STEPPING UP — My Take: As Coastal Plains improves, its star’s stock falls

Published 11:50 am Friday, January 23, 2015

DAVID CUCCHIARA | DAILY NEWS TOP PROSPECT: Northside’s Edrice Adebayo is averaging a career-high in points and rebounds this season, but recently dropped two sports in the ESPN Top 60 recruit ranking for the Class of 2016.

TOP PROSPECT: Northside’s Edrice Adebayo is averaging a career-high in points and rebounds this season, but recently dropped two sports in the ESPN Top 60 recruit ranking for the Class of 2016.

On Wednesday, ESPN released the newest edition of its high school recruit-ranking database and there was a bit of a surprise regarding a standout local product.

Northside’s Edrice “Bam” Adebayo went from the No. 6-ranked prospect in the country for the Class of 2016 to No. 8. The drop won’t make too much difference in where the 6-foot-8, 220-pound Panthers center lands after his senior season, but considering the circumstances, the shift is puzzling.

Adebayo has received a great deal of criticism for staying at Class 1-A Northside, his hometown high school, for the first three and likely his fourth year. Reasons for the disparagement have ranged from a lack of regional exposure to a deficiency in quality competition. In other words, those outside looking in don’t think a five-star, top-rated recruit should be playing at a 1-A level against smaller schools with no nationally recognized talent. While the actual reasons for the fall in rank are unknown, his personal decision to stay at Northside likely factored into it.

But there are a few elements the scouts haven’t considered. It begins with his growth and improvement in nearly every area from his sophomore to junior year. When I first had the opportunity to watch him play in January 2014, I was initially skeptical of his national rank. He was tall, could hand the ball well for a 6-foot-8 paint presence, but his mid-range shooting and free throw shooting were suspect. Also, it was tough to gauge his ability to drive the lane against competition 7 to 8 inches shorter than him. As the year progressed, so did my opinion.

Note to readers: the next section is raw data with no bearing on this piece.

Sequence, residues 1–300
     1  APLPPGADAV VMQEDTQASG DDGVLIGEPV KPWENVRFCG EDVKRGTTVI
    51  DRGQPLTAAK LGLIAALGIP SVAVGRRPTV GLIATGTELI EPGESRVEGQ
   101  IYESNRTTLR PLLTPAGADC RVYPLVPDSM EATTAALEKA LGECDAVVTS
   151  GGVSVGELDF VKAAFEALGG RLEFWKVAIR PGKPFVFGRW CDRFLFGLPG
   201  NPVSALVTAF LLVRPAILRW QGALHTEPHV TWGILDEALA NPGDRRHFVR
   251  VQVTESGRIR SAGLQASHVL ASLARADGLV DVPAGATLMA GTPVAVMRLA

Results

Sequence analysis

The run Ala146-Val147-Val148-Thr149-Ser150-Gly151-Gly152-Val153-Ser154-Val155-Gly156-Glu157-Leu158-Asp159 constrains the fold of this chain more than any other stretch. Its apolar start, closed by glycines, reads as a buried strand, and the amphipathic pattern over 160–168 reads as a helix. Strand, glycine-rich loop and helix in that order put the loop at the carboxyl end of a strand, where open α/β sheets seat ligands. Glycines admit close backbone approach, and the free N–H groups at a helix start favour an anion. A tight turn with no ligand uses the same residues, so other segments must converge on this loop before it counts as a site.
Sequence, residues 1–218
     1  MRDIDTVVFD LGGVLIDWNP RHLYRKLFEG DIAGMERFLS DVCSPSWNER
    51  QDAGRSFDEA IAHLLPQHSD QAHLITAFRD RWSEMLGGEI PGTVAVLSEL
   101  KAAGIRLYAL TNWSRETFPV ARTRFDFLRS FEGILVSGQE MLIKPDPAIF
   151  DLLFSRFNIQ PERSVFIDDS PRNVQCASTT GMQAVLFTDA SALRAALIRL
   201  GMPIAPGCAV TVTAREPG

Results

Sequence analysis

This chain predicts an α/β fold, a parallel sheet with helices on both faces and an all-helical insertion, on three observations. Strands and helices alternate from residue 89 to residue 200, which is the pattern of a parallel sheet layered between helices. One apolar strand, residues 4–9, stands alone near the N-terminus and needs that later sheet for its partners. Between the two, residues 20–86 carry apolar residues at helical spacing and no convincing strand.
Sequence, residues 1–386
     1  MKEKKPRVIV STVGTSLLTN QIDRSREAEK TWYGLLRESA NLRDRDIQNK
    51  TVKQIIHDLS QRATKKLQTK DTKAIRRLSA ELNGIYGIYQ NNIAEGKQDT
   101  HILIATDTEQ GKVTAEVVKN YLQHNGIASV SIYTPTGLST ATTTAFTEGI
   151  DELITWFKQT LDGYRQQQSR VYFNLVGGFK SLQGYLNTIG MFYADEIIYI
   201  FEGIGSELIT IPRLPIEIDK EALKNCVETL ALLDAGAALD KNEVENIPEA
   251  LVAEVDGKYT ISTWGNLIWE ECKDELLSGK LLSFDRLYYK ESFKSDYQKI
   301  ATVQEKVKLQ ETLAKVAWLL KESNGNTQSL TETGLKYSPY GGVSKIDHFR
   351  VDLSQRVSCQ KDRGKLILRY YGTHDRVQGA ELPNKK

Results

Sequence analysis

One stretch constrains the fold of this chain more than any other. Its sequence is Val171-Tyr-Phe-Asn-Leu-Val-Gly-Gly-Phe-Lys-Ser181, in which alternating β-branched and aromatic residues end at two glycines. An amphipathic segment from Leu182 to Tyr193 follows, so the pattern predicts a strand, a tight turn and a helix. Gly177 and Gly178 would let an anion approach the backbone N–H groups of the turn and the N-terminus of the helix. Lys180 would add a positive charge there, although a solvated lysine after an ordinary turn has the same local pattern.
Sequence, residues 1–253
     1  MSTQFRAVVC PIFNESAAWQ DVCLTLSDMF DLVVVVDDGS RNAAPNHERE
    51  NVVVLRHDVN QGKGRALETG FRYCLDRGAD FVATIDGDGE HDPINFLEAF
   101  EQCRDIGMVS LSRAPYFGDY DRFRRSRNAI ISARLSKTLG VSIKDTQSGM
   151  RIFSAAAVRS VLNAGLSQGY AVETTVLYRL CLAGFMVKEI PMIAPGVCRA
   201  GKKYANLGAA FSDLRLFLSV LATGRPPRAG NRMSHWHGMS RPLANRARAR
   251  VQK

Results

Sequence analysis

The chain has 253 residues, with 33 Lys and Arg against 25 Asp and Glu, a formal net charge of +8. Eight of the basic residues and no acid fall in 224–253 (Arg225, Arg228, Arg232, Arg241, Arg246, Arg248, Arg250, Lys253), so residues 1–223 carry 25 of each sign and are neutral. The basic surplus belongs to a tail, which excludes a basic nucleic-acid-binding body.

For those who have seen Adebayo play this year, the improvement is impossible to miss. Not only is he averaging seven more points and over three more rebounds a game, but his free throw percentage in pressure situations has also developed. Against Washington on Tuesday, Adebayo went a perfect 8-for-8 from the line, the difference in an eight-point Panthers win. The late-game nerves that were prevalent last season seem to be a thing of the past.

He’s also added a series of spin and shuffle moves in the post this offseason that have elevated his play, making it easier for him to work through not just one, but a series of defenders to get to the hoop.

And those opposing defenders, well, they’ve also improved, as the team around Adebayo has shrunk, making him the sole defender of the paint for the Panthers. Comparing this season to last, the Coastal Plains Conference has significantly upgraded across the board. Now, again, for those on the outside looking it, that may mean very little in terms of Adebayo’s stock, but for those at the games watching the state championship-worthy rosters Northside has to face, it’s an element that needs to be considered. East Carteret, the defending state runner-up, has returned nearly its entire guard-heavy, pure-shooting starting five and Pamlico County, which had a gritty, hit-you-in-the-mouth style of defense last year has stayed true to form in 2015.

Then there’s Southside. The Seahawks suffered a series of early season injuries last year, but finished strong. Now, with guards Donshae Miller and Rashaun Moore peaking, they’re competing for a top spot in a top-heavy conference. And while marginal, even Bear Grass and Lejeune have improved, though neither is at the point where they can compete against the conference heavy weights.

Frankly, loyalty to a team, no matter where that team may be, isn’t something the ESPN scouts consider. They want to see the top recruits matchup against the top recruits — something Adebayo makes sure to do in the offseason. Loyalty, trust and character are very underrated attributes when scouting a high school athlete. Some could argue they’re the most important and valuable qualities in a 16 or 17-year-old basketball star, especially considering the influx of negative press regarding college athletes in revenue sports of late.

Again, the drop in rank will have little effect on Adebayo’s future. If anything, it’ll serve as a nice piece of motivation moving forward.

Adebayo plays in one of the toughest 1-A conferences in the state, is a model student and sportsman, has spent the last year polishing his game and, above all else, is loyal to his institution. At this point, for “Bam,” he’s already earned the national recognition he needs. It’s not his choice in allegiance or the conference he plays in that should be disregarded, but rather, it’s the rank itself.